With ca. 200 species, the informally named Potato clade represents one of the larger subgroups of the estimated 1500 species of Solanum. Because its members include the potato (S. tuberosum), tomato (S. lycopersicum), and pepino (S. muricatum), it is the
most economically important clade in the genus. These crop species and their close relatives have been the focus of intensive research, but relationships among major lineages of the Potato clade remain poorly understood. In this study, we use sequences from the nuclear ITS and waxy
(GBSSI), and plastid trnT-trnF and trnS-trnG to estimate a phylogeny and further explore relationships within the Potato clade. With increased sampling over past studies, the Potato clade emerges as a strongly supported clade and comprises 12–13 subclades
which, for the most part, correspond to traditionally recognized sections. Solanum sect. Regmandra is sister to the rest of the lineages of the Potato clade which are, in turn, organized into two major subclades: (1) sections Anarrhichomenum, Articulatum, Basarthrum,
Etuberosum, Juglandifolia, Lycopersicoides, Lycopersicon, and Petota, and (2) sections Herpystichum and Pteroidea. As in all other studies including these groups, sections Etuberosum, Juglandifolia, Lycopersicoides, Lycopersicon,
and Petota form a strongly supported clade. Solanum oxycoccoides, a high-elevation species endemic to north-central Peru, was tentatively assigned to several groups within Solanum based on morphological evidence, but instead the species represents an independent lineage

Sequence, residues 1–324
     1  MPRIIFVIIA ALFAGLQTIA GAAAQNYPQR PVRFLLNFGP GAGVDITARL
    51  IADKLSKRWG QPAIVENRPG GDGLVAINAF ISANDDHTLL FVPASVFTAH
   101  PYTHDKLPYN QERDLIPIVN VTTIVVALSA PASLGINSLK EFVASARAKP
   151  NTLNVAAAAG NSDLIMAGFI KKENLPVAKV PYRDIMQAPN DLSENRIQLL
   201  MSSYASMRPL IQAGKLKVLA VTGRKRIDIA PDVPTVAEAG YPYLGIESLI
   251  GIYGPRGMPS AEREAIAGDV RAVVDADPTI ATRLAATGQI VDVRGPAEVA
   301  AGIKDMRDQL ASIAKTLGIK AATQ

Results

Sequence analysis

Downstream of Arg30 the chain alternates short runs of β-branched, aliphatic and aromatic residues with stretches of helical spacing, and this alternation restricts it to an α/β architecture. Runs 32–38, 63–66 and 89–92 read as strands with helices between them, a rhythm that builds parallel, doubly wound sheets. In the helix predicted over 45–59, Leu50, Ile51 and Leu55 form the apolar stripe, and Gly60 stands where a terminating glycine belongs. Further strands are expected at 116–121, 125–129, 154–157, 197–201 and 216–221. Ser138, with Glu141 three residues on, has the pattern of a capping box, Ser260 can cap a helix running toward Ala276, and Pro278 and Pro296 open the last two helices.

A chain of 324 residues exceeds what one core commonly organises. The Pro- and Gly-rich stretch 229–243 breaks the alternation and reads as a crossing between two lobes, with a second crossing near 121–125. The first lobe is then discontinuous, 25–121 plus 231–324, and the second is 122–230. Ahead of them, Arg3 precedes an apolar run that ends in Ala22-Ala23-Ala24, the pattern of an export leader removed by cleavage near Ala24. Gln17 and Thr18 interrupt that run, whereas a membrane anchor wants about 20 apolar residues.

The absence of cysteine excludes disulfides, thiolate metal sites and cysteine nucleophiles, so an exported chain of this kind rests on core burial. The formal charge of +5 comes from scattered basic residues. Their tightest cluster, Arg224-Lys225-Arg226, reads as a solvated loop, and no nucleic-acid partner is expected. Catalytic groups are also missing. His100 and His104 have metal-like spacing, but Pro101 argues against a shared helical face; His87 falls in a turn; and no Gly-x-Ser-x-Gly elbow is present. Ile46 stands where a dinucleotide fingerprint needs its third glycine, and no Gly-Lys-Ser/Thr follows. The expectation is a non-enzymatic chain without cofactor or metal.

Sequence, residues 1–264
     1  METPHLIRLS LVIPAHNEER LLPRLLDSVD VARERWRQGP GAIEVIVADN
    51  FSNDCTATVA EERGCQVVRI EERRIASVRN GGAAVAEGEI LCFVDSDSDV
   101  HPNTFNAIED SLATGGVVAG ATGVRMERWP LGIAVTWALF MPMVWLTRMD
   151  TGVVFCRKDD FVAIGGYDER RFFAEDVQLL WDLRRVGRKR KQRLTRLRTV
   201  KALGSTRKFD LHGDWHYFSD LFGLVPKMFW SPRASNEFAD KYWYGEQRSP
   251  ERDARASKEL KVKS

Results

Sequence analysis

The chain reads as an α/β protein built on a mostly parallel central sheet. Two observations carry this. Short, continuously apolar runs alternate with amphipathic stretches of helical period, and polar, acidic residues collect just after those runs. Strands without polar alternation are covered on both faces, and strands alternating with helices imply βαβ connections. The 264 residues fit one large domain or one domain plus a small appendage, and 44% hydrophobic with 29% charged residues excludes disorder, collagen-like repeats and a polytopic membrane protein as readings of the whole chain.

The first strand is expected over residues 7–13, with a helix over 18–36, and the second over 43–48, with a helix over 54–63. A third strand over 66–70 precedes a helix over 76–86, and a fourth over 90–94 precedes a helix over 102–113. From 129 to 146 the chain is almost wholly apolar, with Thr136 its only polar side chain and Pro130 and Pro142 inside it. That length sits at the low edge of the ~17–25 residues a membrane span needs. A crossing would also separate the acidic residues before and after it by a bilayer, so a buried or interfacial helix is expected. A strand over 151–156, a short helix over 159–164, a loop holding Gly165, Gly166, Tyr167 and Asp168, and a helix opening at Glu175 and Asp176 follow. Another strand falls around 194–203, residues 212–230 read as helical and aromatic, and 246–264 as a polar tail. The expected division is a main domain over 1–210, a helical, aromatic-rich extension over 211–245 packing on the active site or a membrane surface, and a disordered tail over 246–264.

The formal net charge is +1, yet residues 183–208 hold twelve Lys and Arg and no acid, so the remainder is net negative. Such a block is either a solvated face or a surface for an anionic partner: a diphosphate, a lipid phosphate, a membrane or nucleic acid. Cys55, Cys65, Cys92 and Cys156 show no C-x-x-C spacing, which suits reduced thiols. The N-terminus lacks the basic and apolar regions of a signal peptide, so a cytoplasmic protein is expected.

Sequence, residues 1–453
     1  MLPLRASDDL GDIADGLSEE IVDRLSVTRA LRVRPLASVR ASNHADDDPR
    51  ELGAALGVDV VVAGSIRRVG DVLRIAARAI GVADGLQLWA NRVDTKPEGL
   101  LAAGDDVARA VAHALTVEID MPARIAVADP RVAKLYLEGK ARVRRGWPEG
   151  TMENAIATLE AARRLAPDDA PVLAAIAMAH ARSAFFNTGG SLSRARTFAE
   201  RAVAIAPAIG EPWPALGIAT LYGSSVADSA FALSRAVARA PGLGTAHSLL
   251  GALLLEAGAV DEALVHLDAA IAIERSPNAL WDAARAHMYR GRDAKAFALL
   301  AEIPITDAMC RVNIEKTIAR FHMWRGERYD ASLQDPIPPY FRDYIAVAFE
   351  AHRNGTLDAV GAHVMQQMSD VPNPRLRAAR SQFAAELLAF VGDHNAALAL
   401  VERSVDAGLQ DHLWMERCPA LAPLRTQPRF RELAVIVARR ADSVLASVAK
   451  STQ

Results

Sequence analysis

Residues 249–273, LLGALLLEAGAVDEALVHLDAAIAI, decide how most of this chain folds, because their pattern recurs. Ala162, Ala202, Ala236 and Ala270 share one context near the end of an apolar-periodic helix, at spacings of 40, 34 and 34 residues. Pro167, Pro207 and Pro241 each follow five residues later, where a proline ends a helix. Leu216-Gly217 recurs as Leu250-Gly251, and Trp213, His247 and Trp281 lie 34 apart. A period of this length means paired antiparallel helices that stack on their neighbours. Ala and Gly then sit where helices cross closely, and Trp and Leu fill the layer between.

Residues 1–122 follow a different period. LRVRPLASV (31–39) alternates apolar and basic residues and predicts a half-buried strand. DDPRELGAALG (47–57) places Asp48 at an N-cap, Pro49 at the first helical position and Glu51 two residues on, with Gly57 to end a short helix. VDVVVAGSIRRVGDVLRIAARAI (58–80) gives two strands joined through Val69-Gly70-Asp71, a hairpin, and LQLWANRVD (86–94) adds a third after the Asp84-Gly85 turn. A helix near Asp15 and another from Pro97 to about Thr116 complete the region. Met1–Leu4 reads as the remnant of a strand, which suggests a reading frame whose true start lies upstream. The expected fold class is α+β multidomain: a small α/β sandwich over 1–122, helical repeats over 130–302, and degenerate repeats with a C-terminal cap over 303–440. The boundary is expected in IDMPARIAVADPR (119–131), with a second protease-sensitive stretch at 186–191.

within the Potato clade, sister to the first major subclade. A key to the sections of the Potato clade is provided.
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Document Type: Research Article
Department of Biological Sciences, University of Cincinnati, Cincinnati, Ohio 45221-0006, U.S.A.;, Email: [email protected]
Department of Ecology and Evolutionary Biology, University of Connecticut, Storrs, Connecticut 06269-3043, U.S.A.
USDA Agricultural Research Service, Department of Horticulture, University of Wisconsin, Madison, Wisconsin 53706-1590, U.S.A.
Biology Department, University of Utah, Salt Lake City, Utah 84112, U.S.A.
Publication date: 03 May 2016
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